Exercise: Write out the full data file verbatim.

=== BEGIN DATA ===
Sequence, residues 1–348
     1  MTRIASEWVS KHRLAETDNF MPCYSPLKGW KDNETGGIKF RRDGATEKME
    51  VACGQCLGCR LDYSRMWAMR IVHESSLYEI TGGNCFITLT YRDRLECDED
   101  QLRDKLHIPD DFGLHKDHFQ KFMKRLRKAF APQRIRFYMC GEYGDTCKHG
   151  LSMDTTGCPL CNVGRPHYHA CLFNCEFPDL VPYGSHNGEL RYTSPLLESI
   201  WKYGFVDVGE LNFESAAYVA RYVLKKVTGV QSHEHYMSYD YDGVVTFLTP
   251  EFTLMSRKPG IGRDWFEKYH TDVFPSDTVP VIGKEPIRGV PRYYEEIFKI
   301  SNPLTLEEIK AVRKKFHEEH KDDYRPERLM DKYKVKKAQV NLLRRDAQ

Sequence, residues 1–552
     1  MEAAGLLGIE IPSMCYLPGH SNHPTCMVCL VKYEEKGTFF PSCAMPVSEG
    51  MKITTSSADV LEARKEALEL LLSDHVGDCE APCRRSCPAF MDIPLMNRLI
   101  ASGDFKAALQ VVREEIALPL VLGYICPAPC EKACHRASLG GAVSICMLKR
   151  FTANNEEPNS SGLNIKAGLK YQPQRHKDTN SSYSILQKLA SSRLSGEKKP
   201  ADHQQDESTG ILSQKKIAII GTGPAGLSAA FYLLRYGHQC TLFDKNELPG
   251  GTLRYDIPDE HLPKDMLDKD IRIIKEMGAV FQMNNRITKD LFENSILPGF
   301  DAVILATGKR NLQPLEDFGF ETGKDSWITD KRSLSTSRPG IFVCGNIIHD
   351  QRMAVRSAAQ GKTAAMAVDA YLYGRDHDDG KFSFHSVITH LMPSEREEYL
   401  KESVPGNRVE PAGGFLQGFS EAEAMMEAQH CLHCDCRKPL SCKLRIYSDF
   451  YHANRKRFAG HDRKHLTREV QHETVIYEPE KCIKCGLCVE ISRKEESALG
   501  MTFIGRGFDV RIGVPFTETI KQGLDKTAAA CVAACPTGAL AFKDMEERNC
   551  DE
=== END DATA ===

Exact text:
Sequence, residues 1–348
     1  MTRIASEWVS KHRLAETDNF MPCYSPLKGW KDNETGGIKF RRDGATEKME
    51  VACGQCLGCR LDYSRMWAMR IVHESSLYEI TGGNCFITLT YRDRLECDED
   101  QLRDKLHIPD DFGLHKDHFQ KFMKRLRKAF APQRIRFYMC GEYGDTCKHG
   151  LSMDTTGCPL CNVGRPHYHA CLFNCEFPDL VPYGSHNGEL RYTSPLLESI
   201  WKYGFVDVGE LNFESAAYVA RYVLKKVTGV QSHEHYMSYD YDGVVTFLTP
   251  EFTLMSRKPG IGRDWFEKYH TDVFPSDTVP VIGKEPIRGV PRYYEEIFKI
   301  SNPLTLEEIK AVRKKFHEEH KDDYRPERLM DKYKVKKAQV NLLRRDAQ

Sequence, residues 1–552
     1  MEAAGLLGIE IPSMCYLPGH SNHPTCMVCL VKYEEKGTFF PSCAMPVSEG
    51  MKITTSSADV LEARKEALEL LLSDHVGDCE APCRRSCPAF MDIPLMNRLI
   101  ASGDFKAALQ VVREEIALPL VLGYICPAPC EKACHRASLG GAVSICMLKR
   151  FTANNEEPNS SGLNIKAGLK YQPQRHKDTN SSYSILQKLA SSRLSGEKKP
   201  ADHQQDESTG ILSQKKIAII GTGPAGLSAA FYLLRYGHQC TLFDKNELPG
   251  GTLRYDIPDE HLPKDMLDKD IRIIKEMGAV FQMNNRITKD LFENSILPGF
   301  DAVILATGKR NLQPLEDFGF ETGKDSWITD KRSLSTSRPG IFVCGNIIHD
   351  QRMAVRSAAQ GKTAAMAVDA YLYGRDHDDG KFSFHSVITH LMPSEREEYL
   401  KESVPGNRVE PAGGFLQGFS EAEAMMEAQH CLHCDCRKPL SCKLRIYSDF
   451  YHANRKRFAG HDRKHLTREV QHETVIYEPE KCIKCGLCVE ISRKEESALG
   501  MTFIGRGFDV RIGVPFTETI KQGLDKTAAA CVAACPTGAL AFKDMEERNC
   551  DE